By: Jayna Wekenman, Administrative Assistant, Mecosta County Area Chamber of Commerce
Creative Confidence: Unleashing the Creative Potential Within Us All
By Tom Kelley and David Kelley, 2013
You are creative, I am creative, we are all creative. This book facilitates readers in discovery of creative potentials and embracing personal creativity. Whether utilizing creativity for customer retention, design solutions, workplace dynamics, or personal projects – grab a notebook. You’ll be glad you did.
The Answer to How Is Yes
By Peter Block, 2003
In many situations, questions like: How are you planning to do that? or How will this benefit us? suggest doubt. The person asking might doubt the outcome, doubt the process, doubt the idea person, or simply doubt their understanding of all the aspects of the idea. How questions can simply get in the way if the parties asking the questions need to be convinced of the idea or competencies of the idea person. Based on my personal experience, answering how questions quickly eats up ambition especially if how questions are followed by more how questions. If how questions are intentionally used to dismiss ideas (i.e. it sounds great, but how…? or How are we going to find the time to …? ) a simple no with feedback is quicker and more confidence building.
Formulating an idea usually means the idea person already knows How. Trust them, move forward with Yes answers, and re-frame the questions to get the answers you actually need. i.e. What are the next steps? What needs completed by the end of the week? Who is responsible for… ? Help me understand… What do you need me to do? etc.
How might we …? is an exception that moves ideas through phases of exploration.
Notes to Inspire
By Simon Sinek
Daily inspirations through email. Sign up at: https://startwithwhy.com/. Videos of Sinek’s talks can be found on YouTube or TED.com.
Primal Leadership: Unleashing the Power of Emotional Intelligence
By Daniel Goleman, Richard Boyatzis, & Annie McKee, 2013
Backed with research and theory, readers are facilitated through reflections and insights on why they do what they do and ways in which they might change leadership strategies and outcomes.
By Mihaly Csikszentmihalyi, 1997
Have you ever been totally engaged in a project, looked at the clock, and realized an hour flew by? If so, you may have experienced the state of “flow.” This read conceptualizes Flow Theory by the relationship of challenge and skill, and suggests ways in which the state of flow can serve people in both their professional and personal lives.
The model described can also help with understanding engagement of employees based on that relationship of skill and challenge. For instance, if employees are highly skilled yet experience boredom, perhaps increase the challenges they engage in. Or, if an employee experiences high anxiety to tackle a project, employers might consider offering skill development that aligns with project challenges.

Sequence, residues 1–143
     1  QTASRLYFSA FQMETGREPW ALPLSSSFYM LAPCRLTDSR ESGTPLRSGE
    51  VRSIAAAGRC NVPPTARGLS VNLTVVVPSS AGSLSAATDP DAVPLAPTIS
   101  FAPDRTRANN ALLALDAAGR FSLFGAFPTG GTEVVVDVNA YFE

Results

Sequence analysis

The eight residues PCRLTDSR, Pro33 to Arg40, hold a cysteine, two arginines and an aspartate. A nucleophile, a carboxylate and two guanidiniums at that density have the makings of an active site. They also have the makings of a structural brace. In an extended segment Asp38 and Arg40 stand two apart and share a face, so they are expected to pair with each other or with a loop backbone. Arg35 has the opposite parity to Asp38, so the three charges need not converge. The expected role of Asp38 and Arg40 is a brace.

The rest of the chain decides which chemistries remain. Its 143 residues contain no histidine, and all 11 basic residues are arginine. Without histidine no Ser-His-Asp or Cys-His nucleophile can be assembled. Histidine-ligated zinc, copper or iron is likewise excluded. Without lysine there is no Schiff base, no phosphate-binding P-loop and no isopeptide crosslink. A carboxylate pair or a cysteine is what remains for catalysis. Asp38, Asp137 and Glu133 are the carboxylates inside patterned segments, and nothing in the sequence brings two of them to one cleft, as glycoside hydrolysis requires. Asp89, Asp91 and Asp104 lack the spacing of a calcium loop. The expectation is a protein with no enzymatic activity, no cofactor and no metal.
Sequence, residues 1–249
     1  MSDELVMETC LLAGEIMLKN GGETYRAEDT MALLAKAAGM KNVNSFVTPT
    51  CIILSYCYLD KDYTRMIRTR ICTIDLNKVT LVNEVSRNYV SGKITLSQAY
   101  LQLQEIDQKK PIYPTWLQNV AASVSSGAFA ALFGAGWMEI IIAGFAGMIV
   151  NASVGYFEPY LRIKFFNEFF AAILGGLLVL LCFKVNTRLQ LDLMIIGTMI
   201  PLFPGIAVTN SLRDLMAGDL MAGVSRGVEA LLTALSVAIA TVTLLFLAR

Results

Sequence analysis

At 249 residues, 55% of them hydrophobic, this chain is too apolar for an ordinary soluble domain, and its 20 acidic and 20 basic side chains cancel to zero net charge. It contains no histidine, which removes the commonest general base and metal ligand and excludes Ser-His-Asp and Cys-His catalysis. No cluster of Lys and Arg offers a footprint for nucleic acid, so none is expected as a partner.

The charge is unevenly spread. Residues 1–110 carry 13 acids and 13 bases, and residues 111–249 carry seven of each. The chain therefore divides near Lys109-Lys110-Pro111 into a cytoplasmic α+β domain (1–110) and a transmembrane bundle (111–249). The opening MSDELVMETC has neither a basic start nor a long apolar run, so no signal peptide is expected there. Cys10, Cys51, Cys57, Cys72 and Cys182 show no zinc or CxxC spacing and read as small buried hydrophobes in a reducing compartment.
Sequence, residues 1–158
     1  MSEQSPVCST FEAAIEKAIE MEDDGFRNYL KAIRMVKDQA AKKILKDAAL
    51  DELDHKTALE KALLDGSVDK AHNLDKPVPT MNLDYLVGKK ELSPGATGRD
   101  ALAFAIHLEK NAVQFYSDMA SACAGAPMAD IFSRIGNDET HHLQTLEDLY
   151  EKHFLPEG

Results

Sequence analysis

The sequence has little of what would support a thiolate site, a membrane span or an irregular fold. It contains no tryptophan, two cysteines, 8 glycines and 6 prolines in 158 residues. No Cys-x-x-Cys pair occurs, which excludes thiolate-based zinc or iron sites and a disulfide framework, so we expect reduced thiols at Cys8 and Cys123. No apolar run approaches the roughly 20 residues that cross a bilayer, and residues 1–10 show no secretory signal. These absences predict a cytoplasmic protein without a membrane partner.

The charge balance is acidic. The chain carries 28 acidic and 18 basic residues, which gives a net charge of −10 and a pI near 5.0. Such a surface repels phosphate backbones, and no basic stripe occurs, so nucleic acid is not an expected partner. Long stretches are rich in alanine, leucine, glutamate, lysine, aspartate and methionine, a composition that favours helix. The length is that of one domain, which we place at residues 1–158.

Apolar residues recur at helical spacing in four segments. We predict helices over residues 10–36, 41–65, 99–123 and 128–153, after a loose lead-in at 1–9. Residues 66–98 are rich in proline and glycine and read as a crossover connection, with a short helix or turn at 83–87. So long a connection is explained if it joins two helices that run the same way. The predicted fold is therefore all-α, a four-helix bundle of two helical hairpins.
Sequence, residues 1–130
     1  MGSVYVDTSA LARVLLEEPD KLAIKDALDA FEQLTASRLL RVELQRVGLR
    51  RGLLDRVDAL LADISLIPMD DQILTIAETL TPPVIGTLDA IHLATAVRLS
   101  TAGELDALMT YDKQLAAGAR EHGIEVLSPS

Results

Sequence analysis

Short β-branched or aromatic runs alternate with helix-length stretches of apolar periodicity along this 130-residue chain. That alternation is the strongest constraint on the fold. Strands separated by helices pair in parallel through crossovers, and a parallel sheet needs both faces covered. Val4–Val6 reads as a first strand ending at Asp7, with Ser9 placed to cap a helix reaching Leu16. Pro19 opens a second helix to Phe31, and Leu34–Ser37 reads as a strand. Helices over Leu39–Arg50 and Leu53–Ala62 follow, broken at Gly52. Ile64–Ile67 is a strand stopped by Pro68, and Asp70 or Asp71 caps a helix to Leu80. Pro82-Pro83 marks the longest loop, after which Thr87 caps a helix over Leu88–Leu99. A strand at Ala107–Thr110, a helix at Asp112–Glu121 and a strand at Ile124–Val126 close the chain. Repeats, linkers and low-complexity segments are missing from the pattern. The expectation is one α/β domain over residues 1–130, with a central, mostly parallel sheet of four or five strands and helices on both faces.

- Anything Brene’ Browne.
Period. Like Sinek, Browne has videos and Ted Talks online also.
Environmental Enrichment for Captive Animals
By Robert J Young, 2003
This may seem far from relevant. However, the research and techniques of Enrichment transfers to the human species as well. Shop Class as Soulcraft (Matthew Crawford, 2009), Flow Theory by Mihaly Csikszentmihalyi (mentioned), and articles on employee engagement are the human-focused application of Enrichment theories addressing motivation, choice, stimuli, species-specific behaviors, etc. Anyone responsible for creating space, engaging, or managing people (or animals) should invest in these reads.
Any bilingual children’s book you find
Each page has the story in both English and another language so you main build familiarity or brush up on language skills while following the story line.
A Clockwork Orange
By Anthony Burgess, 1962
This is my wild card. However, it makes my list for the skills developed through reading. Burgess used Nadsat, a slang invented for this book. Words like droog (friend), rooker (hand), and malchick (boy) pepper every page, forcing the reader to use context clues to decipher the storyline. I don’t know about you, but I use these skills of decoding, deciphering, and drawing together conclusions when tackling projects, understanding messages, and more.
And for all you out there moving things forward and submerged in tasks, I’ll leave you with this:
To Be of Use by Marge Percy
The people I love the best
jump into work head first
without dallying in the shallows
and swim off with sure strokes almost out of sight.
They seem to become natives of that element,
the black sleek heads of seals
bouncing like half-submerged balls.
I love people who harness themselves, an ox to a heavy cart,
who pull like water buffalo, with massive patience,
who strain in the mud and the muck to move things forward,
who do what has to be done, again and again.
I want to be with people who submerge
in the task, who go into the fields to harvest
and work in a row and pass the bags along,
who are not parlor generals and field deserters
but move in a common rhythm
when the food must come in or the fire be put out.
The work of the world is common as mud.
Botched, it smears the hands, crumbles to dust.
But the thing worth doing well done
has a shape that satisfies, clean and evident.
Greek amphoras for wine or oil,
Hopi vases that held corn, are put in museums
but you know they were made to be used.
The pitcher cries for water to carry
and a person for work that is real.